It’s been a while since I blogged book reviews – but I’ve got the bug again, and have had a number of things sent my way recently for review. So here’s the first.

Vaughan Roberts (Unashamed workman).jpgVaughan Roberts is a past master of pithy clarity and concise overview – exemplified by his great popularisation of Graeme Goldsworthy’s work in his God’s Big Picture: Tracing the Story-Line of the Bible. Over the years he has written on a number of theological and ethical issues in similar fashion.

Transgender (the first of a handful of Vaughan’s contribution to the Good Book Company’s new Talking Points series) is timely and crucial. Christians are too often caught lagging far behind the concerns and debates of wider society – and transgender issues is a case in point. So hopefully many will read and get thinking.

There are several positive things about Vaughan’s all too short volume:

  • he has engaged with some voices from the trans community
  • he is prepared to let them set the terms (e.g. by using Stonewall’s online definitions)
  • he writes with a compassionate and approachable tone
  • he works hard to bring ancient biblical truths to bear on some thorny and painful issues in a non-judgmental way.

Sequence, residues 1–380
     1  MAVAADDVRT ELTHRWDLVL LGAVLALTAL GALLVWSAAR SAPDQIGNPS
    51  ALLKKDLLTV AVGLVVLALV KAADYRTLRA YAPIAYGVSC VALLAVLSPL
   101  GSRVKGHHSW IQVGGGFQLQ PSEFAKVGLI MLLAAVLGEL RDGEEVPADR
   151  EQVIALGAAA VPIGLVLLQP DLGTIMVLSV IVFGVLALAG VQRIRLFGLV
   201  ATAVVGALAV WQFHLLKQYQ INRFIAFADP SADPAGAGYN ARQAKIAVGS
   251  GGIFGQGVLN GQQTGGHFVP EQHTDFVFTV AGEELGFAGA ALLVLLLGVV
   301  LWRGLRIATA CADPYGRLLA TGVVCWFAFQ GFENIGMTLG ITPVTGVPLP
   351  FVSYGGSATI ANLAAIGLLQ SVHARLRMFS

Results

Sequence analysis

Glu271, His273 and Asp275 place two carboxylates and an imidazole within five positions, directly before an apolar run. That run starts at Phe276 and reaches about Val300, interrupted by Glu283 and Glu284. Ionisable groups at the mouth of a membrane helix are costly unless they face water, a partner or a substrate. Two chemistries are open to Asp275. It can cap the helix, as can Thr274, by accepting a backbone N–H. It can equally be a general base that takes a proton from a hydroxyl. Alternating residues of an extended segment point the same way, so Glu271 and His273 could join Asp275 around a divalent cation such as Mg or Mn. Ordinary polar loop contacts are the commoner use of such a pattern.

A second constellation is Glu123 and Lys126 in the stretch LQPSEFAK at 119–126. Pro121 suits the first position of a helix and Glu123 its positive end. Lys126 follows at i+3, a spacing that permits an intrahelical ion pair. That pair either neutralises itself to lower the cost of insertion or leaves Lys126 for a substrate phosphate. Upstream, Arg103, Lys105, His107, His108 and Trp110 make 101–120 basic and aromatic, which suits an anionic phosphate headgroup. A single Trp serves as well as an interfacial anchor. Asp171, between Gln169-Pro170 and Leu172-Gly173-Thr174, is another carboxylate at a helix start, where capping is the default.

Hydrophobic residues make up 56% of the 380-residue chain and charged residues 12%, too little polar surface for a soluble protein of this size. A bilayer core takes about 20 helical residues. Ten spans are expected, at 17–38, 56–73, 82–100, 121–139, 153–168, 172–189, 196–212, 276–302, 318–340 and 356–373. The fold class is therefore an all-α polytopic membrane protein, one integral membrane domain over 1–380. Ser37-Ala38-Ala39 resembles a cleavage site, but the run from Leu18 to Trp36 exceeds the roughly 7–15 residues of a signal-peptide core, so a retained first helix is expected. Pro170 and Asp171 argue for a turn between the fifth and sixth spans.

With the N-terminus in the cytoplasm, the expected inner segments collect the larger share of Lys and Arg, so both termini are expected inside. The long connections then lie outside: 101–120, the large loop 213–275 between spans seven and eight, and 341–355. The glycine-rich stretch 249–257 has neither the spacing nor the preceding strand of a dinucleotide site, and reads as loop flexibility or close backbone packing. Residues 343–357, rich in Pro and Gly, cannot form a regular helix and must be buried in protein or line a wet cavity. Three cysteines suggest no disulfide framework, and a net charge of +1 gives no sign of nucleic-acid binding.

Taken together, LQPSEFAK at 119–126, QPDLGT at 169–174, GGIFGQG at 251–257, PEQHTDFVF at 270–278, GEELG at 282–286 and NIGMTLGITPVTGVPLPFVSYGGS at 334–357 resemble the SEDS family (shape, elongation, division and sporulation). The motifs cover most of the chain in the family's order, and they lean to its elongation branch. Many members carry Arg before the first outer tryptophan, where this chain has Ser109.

VR - Transgender.jpgThat said, we should be clear that this is at best an introduction, square 1, or perhaps 1.5. In that, it excels. But you won’t find difficult, risky or (dare I say it) dangerous, explorations of how on earth we love and help people for whom these questions are so personal. For example, it is impossible to exaggerate the importance of this reassurance for the Christian facing this battle:

this struggle, these feelings, do not define you. They may, at least partly, describe how you are, but they do not describe who you are.” (p66)

This is vital. Many would do well to learn not to define anyone by they struggles or failings or battles. But the danger of a book of such brevity is that it can seem a little glib at that very point, leaving open the whole issue of what one does with those feelings. As another reviewer has said, it would have been better to get to this final chapter quicker, although I do understand the desire to place everything into a gospel framework. That is vital.

[By the way, as a small aside and not a specific comment on Vaughan’s book, must every biblical issues book follow the creation-fall-redemption-new creation structure?! There’s no doubting how foundational it is – but why not search out alternatives just once in a while?!]

As a primer for prompting believers to think, this is perfect. Just see it for what it is: a start, not an end. Still, I’m hugely grateful for Vaughan and his courage and work in some very tricky areas. He has been a model of open vulnerability, and so this book never comes from a position of moral superiority – and so he is in a perfect position to write about these matters. I just wish he went beyond providing the helpful list of further reading! [Disclaimer: I was sent a free review copy of this book, and have known and worked with Vaughan at various points for nearly 30 years]

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